Implement application boundary interfaces
Ruby
Pull request Compare This branch is 6 commits ahead, 296 commits behind snusnu:master.
Fetching latest commit…
Cannot retrieve the latest commit at this time.
Failed to load latest commit information.
config
lib
spec
.gitignore
.rspec
.ruby-gemset
.ruby-version
.travis.yml
CONTRIBUTING.md
Changelog.md
Gemfile
Gemfile.devtools
Guardfile
LICENSE
README.md
Rakefile
TODO
substation.gemspec

README.md

substation

Gem Version Build Status Dependency Status Code Climate Coverage Status

Think of substation as some sort of domain level request router. It assumes that every usecase in your application has a name and is implemented in a dedicated object that will be referred to as an action. The only protocol such actions must support is #call(request).

The contract for actions specifies that when invoked, they can receive arbitrary input data which will be available in request.input. Additionally, request.env contains an arbitrary object that represents your application environment and will typically provide access to useful things like a logger and probably some sort of storage engine abstraction object.

The contract further specifies that every action must return an instance of either Substation::Response::Success or Substation::Response::Failure. Again, arbitrary data can be associated with any kind of response, and will be available in response.output. To indicate wether invoking the action was successful or not, you can use response.success?. In addition to that, response.request contains the request object used to invoke the action.

Substation::Dispatcher stores a mapping of action names to the actual objects implementing the action, as well as the application environment. Clients can use Substation::Dispatcher#call(name, input) to dispatch to any registered action. For example, a web application could map an http route to a specific action name and pass relevant http params on to the action.

Actions

Here's an example of a valid action.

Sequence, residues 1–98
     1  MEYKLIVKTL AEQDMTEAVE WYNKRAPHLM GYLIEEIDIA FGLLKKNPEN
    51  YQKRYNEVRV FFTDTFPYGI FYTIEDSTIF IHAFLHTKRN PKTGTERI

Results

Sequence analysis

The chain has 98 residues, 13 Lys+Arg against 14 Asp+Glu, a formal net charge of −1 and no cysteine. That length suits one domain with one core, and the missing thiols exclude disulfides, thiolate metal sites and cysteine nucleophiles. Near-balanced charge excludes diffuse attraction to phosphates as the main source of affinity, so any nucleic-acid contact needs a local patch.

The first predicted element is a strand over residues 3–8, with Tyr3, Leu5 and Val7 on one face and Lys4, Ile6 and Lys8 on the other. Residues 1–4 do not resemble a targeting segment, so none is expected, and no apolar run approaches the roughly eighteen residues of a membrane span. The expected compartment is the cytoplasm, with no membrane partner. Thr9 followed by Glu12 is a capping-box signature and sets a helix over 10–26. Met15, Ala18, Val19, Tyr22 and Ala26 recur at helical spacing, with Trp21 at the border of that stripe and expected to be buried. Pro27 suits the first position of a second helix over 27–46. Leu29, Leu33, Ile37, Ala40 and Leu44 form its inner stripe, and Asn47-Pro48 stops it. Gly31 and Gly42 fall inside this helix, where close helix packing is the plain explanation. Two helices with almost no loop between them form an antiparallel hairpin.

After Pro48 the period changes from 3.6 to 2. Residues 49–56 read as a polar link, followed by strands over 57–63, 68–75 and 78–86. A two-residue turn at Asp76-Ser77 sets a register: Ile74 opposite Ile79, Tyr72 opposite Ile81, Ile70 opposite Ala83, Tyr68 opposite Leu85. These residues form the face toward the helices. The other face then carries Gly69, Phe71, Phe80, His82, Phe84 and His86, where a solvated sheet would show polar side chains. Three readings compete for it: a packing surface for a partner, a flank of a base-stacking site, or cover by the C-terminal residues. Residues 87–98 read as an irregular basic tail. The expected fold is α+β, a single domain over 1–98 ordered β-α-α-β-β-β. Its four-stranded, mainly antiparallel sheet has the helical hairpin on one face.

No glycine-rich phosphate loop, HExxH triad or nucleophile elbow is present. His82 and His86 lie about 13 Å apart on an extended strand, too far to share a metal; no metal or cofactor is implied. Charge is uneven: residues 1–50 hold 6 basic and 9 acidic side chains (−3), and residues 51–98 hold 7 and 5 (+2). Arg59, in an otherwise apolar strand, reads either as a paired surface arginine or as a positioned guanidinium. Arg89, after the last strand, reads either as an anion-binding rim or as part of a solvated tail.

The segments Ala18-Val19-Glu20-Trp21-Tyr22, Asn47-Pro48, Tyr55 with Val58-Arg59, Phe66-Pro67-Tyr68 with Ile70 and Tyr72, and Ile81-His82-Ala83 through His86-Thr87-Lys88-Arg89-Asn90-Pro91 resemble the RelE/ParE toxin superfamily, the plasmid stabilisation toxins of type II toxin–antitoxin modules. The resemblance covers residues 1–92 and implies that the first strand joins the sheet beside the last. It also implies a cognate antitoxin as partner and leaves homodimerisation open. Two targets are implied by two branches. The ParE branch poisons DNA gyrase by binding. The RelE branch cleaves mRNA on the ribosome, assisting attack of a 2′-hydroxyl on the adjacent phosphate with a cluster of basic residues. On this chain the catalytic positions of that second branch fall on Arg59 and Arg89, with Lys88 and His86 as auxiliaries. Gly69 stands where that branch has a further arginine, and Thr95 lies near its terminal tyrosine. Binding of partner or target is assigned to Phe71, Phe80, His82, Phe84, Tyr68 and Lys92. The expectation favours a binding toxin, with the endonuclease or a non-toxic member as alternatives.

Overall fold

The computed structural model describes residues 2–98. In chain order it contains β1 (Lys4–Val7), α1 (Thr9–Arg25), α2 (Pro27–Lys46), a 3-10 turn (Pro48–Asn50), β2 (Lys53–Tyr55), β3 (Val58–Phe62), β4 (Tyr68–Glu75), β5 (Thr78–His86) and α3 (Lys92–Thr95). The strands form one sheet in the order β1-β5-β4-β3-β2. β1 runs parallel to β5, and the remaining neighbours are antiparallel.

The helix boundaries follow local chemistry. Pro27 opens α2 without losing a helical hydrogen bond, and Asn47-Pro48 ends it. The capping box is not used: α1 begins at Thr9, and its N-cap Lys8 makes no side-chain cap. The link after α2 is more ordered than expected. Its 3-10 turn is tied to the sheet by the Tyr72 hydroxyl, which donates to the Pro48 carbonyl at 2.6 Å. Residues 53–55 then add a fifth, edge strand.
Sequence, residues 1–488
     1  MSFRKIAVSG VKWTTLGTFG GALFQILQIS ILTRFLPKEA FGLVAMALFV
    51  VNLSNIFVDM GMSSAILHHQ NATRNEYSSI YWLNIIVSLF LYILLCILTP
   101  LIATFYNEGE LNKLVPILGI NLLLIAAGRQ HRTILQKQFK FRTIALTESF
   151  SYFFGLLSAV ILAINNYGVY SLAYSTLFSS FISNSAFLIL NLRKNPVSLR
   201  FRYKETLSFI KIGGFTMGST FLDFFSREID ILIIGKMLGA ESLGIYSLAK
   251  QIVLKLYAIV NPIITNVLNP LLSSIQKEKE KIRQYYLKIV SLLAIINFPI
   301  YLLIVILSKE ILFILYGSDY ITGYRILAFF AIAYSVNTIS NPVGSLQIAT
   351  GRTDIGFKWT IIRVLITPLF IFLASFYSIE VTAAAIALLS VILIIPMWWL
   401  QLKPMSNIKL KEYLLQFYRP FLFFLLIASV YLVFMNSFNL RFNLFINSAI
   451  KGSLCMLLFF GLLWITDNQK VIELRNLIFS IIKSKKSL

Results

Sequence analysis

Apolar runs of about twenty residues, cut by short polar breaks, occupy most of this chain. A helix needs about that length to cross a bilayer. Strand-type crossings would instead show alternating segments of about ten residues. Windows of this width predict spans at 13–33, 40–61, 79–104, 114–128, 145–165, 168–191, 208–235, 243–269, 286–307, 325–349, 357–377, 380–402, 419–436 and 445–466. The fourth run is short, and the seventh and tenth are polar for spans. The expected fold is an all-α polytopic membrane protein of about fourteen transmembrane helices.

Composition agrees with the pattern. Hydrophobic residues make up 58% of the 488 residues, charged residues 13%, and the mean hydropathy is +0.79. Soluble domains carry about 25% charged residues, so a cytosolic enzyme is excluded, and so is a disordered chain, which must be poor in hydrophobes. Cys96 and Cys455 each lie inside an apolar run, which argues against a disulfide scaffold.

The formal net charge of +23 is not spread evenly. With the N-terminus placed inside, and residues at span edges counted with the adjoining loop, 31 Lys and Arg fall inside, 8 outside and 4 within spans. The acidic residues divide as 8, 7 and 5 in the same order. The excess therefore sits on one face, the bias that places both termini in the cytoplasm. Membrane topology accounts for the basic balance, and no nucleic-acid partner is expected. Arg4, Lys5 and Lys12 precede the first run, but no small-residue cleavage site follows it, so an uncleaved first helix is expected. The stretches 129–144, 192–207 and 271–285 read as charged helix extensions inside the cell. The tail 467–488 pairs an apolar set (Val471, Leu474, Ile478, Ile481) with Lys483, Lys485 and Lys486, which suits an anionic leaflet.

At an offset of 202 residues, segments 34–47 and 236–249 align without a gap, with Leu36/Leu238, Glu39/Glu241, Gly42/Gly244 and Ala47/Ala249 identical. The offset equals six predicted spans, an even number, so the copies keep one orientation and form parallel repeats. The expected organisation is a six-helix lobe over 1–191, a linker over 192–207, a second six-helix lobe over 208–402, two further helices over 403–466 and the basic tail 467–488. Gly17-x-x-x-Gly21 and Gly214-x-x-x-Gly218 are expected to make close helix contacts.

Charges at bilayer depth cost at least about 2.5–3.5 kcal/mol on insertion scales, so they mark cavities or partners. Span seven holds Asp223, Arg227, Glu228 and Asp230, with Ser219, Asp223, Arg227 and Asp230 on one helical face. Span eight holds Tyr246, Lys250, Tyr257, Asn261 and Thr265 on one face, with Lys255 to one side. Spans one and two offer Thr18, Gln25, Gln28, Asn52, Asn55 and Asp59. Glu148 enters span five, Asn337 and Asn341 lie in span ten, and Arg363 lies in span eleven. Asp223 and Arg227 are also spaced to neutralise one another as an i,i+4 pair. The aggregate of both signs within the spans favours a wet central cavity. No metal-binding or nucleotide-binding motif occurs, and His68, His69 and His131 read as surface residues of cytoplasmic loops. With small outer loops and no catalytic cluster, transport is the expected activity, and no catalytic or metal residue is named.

module App
  class SomeUseCase

    # Perform the usecase
    #
    # @param [Substation::Request] request
    #   the request passed to the registered action
    #
    # @return [Substation::Response]
    #   the response returned when calling the action
    #
    # @api private
    def self.call(request)
      data = perform_work
      if data
        request.success(data)
      else
        request.error("Something went wrong")
      end
    end
  end
end

It is up to you how to implement the action. Another way of writing an action could involve providing an application specific baseclass for all your actions, which provides access to methods you frequently use within any specific action.

module App

  # Base class for all actions
  #
  # @abstract
  class Action

    # Perform the usecase
    #
    # @param [Substation::Request] request
    #   the request passed to the registered action
    #
    # @return [Substation::Response]
    #   the response returned when calling the action
    #
    # @api private
    def self.call(request)
      new(request).call
    end

    def initialize(request)
      @request = request
      @env     = @request.env
    end

    def call
      raise NotImplementedError, "#{self.class}##{__method__} must be implemented"
    end

    private

    def success(data)
      @request.success(data)
    end

    def error(data)
      @request.error(data)
    end
  end

  class SomeUseCase < Action

    def call
      data = perform_work
      if data
        success(data)
      else
        error("Something went wrong")
      end
    end
  end
end

Observers

Sometimes, additional code needs to run wether your action was successful or not. Observers provide you with a place for that code. Again, the contract for observers is very simple: all they need to implement is call(response) and substation will make sure that the response param will be the response returned from invoking your action.

It is therefore possible to dispatch to different observers based on wether the action was successful or not by utilizing response.success?. By accepting a response object, observers also have access to the original input and env the action was invoked with, as well as the output that the action produced. These objects are made available via response.input, response.env and response.output.